"... in a small cave with figures painted on its walls, 8 meters wide by three deep [25 x 9 ft.] and a decreasing height that is only 20 cm in the back part [8 in.] , I find after digging where my common sense told me to, to my delight, a human body, painted red, in a similar position to those found in Peru; this one is in fairly good shape, because the body was buried wrapped in ostrich [actually, South American rhea, or ñandú] hides and then covered with grass and soil, from which I pick up two stone knives and an arrowhead of the same material. This interesting mummy has the hair cut nearly at its roots, and this together with the red paint with which the body had been covered alive, or after dead, makes me wonder if it may belong to a Fueguian of those that inhabited the Strait of Magellan in the times of Gamboa. [Sarmiento de Gamboa, Spanish explorer of the 1570's AD]".


We will see that Moreno was right on the mark with the Fuegian origin of this mummy.


So here we have a Mummy, in foetal position, wrapped in hides and painted red


Moreno would later write that it belonged to a distinct group different to the contemporary Tehuelche - Aonikenk groups of that area.


The mummy, unlike the one found by Mitchell in a Kentucky cave (see my post on that Red haired mummy), did not have a vest with feathers, instead it had one large condor feather across its chest, as can be seen in the drawing of the mummy:


Cueva del Gualicho mummy
Cueva del Gualicho Mummy. From (1)

 


Moreno wrote: "between that arm [the left one] and the body, crosses a lovely black condor feather which has also been painted". It is interesting to point out that they painted the feather red too.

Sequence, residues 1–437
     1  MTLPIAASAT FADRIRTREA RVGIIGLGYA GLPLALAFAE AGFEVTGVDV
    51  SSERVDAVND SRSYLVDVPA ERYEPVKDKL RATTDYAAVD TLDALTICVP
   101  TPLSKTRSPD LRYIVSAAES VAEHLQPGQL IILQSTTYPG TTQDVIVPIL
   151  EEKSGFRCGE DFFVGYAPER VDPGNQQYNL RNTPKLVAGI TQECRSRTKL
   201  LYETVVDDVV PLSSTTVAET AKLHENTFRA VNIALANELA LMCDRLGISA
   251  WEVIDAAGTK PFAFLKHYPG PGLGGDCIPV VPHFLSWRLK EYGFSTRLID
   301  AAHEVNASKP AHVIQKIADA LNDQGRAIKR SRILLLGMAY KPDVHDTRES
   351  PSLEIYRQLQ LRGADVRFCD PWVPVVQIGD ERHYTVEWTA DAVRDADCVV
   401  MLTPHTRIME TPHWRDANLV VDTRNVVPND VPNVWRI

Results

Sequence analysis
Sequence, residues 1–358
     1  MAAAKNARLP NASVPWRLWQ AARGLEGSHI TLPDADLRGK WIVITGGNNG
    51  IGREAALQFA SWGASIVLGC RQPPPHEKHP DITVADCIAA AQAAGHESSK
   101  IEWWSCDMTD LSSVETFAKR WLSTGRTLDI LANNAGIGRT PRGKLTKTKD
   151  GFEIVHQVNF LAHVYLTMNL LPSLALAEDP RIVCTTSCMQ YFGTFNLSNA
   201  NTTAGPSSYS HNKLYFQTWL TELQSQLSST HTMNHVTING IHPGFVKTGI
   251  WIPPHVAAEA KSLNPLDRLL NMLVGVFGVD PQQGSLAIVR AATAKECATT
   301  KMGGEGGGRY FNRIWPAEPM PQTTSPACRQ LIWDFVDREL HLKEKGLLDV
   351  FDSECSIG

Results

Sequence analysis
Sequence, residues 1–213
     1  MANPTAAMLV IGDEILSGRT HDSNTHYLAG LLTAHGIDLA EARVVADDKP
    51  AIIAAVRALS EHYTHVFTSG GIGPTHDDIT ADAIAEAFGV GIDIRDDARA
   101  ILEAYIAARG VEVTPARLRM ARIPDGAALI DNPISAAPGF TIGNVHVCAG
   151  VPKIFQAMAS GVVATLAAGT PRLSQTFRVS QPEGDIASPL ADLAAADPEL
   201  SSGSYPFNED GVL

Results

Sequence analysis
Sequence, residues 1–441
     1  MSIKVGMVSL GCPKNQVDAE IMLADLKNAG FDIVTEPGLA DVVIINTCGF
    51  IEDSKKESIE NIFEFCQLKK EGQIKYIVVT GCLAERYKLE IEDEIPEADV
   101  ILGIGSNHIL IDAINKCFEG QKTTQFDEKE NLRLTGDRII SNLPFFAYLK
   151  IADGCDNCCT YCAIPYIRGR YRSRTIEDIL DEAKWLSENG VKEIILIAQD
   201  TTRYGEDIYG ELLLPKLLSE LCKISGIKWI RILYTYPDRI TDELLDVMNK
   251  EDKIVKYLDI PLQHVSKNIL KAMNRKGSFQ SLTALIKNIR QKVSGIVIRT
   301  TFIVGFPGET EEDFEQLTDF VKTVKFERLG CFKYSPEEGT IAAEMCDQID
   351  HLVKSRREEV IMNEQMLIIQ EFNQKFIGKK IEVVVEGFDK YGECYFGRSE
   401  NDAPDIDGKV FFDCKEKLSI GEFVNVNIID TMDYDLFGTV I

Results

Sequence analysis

Regarding Moreno's reference to Pedro Sarmiento de Gamboa, he was sent, in 1579 by the Viceroy of Peru to settle the Strait of Magellan to avert the possibility of the English occupying the region. Sarmiento’s wrote about "Giants" (the Tehuelche patagonians). He carried out his mission and founded two settlements, But lack food and harsh local conditions doomed both of Sarmiento’s fledgling settlements; their fate was sealed when provisions sent from Spain failed to arrive; nearly all of the settlers starved or froze to death. When English privateer Sir Thomas Cavendish landed at one of the villages in 1587 he found a handful of survivors, and appropriately renamed it Port Famine.


Anyway, Sarmiento de Gamboa actually mentions the locals, but it does not coincide with Moreno's comment:


Sarmiento de Gamboa mentions in his account (page xvii) (3) that the natives painted their face in "red and white"... but no reference to short cut hair. Actually they wore it long but they bundled it.


As a summary: foetal positioned mummy, with feathers, ochre painted. In southern Patagonia. And wrapped in layers of local ostrich hides.. Not red haired though, but very similar to the Kentucky mummy. mtDNA will show further similarities, but that is another post.


Sources

(1) Echeverría Baleta, Mario , (1995). La Momia del Cerro Gualicho, Cumacú, B. Aires. pp. 31. I took the snapshot from my book.
(2) Moreno, F., (2007). Exploración de la Patagonia Sur II: el lago Argentino y los Andes meridionales. 1877. B. Aires: Continente. pp. 101.
(3)Sarmiento de Gamboa, P., (1768). Viaje al Estrecho de Magallanes por el Capitán Pedro Sarmiento de Gamboa en los años de 1579 y 1580… Madrid: Imprenta Real de la Gazeta. Pp 205 and plates.



Patagonian Monsters - Cryptozoology, Myths & legends in Patagonia Copyright 2009-2014 by Austin Whittall © 

Red Haired Paleo Indian in the US


Red haired people are quite odd among the Native Americans, and after reading about the mummy from Lovelock Nevada, I decided to check online what else had been found. And I came across quite a bit of information, that I tied in with other things that I had read in the past. The outcome is a series of posts beginning with this one (it was too long to put in one post):


First we will go East, to the Eastern U.S. seaboard. Then we will go back to the West Coast and tie in Lovelock with other natives in that area. We will go down the Pacific coast to South America and Tierra del Fuego, Patagonia and try to see how all these places are linked by "red" hair and bones and common burial practices and a similar mtDNA.